While there are two schools of thought on how to approach divorce, there is a third option that recognizes the importance of acknowledging the layers upon layers of feelings that can impact the rational choices that need to be made. Let’s explore these three approaches as well as some tools that can help you be in a better mental and emotional place to make serious decisions – especially financial ones – during a divorce.
Divorce Schools of Thought
One school of thought advocates for checking your emotions at the door and making practical decisions as if your marriage was a business venture. This view emphasizes the financial piece, as though there were no emotional impact. The other side works on the emotional support and coping skills needed in this enormous life transition without tending the practical necessities.
Now, the third option recognizes the need to make business-like decisions about finances, schedules, and assets while acknowledging the emotions that impact our choices. As much as we’d like to consider ourselves logical beings, emotion drives our decision-making. Divorce is one of the most highly emotional events we can experience, and it is unrealistic to think that we can make logical decisions without information and coaching through the process.
It is essential to have a process that coaches you to make the best choices for yourself. This process saves time, money, and conflict that can be encouraged by the court system.
Tools To Help You Balance Logic and Emotions
The way I see it, there is a toolbox separated into three sections: well-being tools, tools for meetings, and thoughts for moving forward. We discussed well-being in another blog, so let’s dive into tools for meetings and thoughts for moving forward.
Tools for Meetings
Meetings with your ex-spouse, attorney, or on courtroom hearings can be incredibly taxing. You may experience visceral responses that can make it hard to concentrate on the topics at hand. Here are some tools you can use if you find yourself unsettled during meetings.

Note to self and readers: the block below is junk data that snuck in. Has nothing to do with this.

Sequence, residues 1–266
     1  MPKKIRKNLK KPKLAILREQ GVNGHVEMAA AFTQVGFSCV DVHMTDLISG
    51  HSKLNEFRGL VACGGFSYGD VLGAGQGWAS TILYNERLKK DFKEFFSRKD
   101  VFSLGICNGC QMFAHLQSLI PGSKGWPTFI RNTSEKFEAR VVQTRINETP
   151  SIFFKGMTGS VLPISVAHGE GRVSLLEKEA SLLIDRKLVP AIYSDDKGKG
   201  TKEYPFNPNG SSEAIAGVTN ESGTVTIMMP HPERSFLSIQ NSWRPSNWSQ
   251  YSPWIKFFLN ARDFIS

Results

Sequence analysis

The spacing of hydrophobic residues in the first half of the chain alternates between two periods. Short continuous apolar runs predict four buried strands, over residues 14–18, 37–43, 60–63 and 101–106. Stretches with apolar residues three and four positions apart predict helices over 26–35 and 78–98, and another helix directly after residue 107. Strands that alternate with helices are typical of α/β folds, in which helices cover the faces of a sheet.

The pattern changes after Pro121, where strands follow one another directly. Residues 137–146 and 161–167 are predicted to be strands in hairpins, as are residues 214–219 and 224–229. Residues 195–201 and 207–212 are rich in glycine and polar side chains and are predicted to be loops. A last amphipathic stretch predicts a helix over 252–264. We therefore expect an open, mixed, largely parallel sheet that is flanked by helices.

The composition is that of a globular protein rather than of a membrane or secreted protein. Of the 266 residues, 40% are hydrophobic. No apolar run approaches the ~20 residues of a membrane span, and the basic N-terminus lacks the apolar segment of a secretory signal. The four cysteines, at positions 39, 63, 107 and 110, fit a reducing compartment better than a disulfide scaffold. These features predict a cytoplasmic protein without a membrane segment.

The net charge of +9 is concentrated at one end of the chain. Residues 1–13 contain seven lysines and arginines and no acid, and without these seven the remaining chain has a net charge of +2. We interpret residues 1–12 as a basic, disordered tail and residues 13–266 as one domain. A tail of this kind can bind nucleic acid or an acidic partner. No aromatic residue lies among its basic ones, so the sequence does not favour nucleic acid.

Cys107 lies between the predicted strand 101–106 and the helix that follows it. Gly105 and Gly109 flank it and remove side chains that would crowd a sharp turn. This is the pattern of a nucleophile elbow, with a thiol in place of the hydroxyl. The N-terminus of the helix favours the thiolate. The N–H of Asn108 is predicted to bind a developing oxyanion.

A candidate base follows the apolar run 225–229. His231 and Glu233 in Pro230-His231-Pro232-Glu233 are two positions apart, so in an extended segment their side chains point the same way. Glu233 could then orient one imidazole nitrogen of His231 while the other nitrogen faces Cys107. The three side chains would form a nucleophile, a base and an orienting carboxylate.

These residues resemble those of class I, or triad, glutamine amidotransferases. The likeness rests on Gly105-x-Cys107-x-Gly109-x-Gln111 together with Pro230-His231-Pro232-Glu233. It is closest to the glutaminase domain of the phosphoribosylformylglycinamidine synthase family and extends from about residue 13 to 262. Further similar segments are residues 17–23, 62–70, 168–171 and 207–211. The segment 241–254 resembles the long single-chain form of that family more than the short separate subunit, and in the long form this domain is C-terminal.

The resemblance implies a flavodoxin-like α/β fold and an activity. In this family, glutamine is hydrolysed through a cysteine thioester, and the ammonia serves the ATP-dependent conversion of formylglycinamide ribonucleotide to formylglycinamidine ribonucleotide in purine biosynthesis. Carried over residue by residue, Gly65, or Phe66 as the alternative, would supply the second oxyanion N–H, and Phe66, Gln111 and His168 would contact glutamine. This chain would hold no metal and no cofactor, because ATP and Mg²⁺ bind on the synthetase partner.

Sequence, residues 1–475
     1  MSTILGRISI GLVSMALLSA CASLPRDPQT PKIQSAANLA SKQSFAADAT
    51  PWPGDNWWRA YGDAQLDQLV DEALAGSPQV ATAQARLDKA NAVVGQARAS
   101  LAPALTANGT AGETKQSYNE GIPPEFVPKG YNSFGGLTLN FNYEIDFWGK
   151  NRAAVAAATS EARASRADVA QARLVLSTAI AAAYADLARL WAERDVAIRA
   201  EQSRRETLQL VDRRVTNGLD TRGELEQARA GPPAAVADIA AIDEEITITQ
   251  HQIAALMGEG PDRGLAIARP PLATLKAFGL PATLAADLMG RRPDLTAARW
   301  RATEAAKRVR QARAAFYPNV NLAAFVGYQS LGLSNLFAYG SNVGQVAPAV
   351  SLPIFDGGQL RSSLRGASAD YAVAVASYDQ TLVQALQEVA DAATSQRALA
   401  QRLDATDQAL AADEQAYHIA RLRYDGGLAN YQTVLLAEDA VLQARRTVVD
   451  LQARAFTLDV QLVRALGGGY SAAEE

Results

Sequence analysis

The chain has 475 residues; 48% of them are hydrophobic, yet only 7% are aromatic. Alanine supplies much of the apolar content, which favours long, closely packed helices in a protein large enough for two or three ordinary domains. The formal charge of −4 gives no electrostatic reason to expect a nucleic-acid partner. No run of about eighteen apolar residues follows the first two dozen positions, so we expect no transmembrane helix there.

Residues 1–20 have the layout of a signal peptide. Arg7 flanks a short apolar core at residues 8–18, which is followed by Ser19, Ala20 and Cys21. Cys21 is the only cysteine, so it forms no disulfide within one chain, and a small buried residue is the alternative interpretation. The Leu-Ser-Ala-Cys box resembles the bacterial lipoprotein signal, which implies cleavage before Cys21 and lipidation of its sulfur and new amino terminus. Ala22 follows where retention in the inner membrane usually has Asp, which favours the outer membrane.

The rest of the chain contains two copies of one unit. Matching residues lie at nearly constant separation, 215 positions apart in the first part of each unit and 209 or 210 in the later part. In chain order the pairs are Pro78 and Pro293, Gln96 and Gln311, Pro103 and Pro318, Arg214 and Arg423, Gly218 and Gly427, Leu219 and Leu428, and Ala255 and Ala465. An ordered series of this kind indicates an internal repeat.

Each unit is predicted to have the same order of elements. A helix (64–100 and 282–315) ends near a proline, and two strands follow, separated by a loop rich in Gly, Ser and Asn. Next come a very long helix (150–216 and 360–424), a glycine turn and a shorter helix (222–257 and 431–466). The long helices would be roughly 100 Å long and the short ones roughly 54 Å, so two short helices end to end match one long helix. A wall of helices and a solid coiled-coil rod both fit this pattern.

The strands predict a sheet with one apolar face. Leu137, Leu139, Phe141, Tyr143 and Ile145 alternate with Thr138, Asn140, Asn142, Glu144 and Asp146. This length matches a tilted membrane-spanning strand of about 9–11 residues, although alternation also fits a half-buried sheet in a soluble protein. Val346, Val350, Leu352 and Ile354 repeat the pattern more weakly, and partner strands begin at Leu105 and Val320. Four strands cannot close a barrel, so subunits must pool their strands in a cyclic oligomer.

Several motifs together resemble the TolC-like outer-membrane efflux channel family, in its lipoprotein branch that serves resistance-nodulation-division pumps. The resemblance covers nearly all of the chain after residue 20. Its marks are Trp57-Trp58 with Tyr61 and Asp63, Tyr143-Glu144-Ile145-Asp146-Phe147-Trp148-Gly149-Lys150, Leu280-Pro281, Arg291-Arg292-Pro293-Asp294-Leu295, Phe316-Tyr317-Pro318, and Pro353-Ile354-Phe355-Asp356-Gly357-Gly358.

Build in a Buffer Zone
Schedule time before and after the meeting to gather yourself without feeling anxious or stressed. Consider checking in with a guided meditation for ten minutes before the scheduled start. Even ten minutes of music that you love can make a world of difference.
Plan a Post-Meeting Session
Schedule time after the Collaborative team meetings to debrief with a supportive friend or pet. Knowing that scheduled time was on the other side helped me to keep my cool when things got heated and gave me space to transition back into whatever responsibility was on the other side, whether it was a work meeting or making dinner.
Turning the triggers into games is one of the most useful tools you can implement during meetings. If something triggers negative feelings, try to think of a way to turn that into a game. For example, if you know that at some point, the conversation will turn to talking about you as if you were not there, make a small bet with yourself before the meeting as to how long it would take before the expected behavior would occur. Concentrate on watching the clocks and seeing when the first time it happened. It distracts you from becoming emotionally engaged or taking the bait in something that is triggering.
Thoughts for Moving Forward
It is important to have a mindset that supports you during the divorce process. The following are some thoughts that can help to be in a better place mentally and emotionally.
Letting go is essential during the divorce process. You should let go of the past and start moving forward. You cannot change the past but can choose how to move forward.
Self-care is crucial during the divorce process. You should take care of yourself and practice self-compassion. It is essential to eat healthy, exercise regularly, and practice good sleep hygiene.
You should have a support system during the divorce process. It can be friends, family, or a therapist. Surround yourself with people who are supportive and who have your best interests at heart.
Divorce is a complex and emotionally charged process that can take a toll on both your mental and emotional well-being. Approaching it with either an entirely emotional or purely logical mindset is not the best way to navigate this life-changing event. While making practical decisions about finances, schedules, and assets is essential, it is equally important to acknowledge and address the layers of emotions that impact our decision-making process. By using the right tools and techniques, we can be in a better mental and emotional place to make important decisions while keeping ourselves sane and healthy.
Remember, divorce is not the end but the beginning of a new chapter in your life, and with the right approach, it can be a positive one.
If you’re someone who wants to find the balance between rational choices and emotional unrest – we’ve got you. Just book a call to talk about what’s next in getting you the right support for your divorce.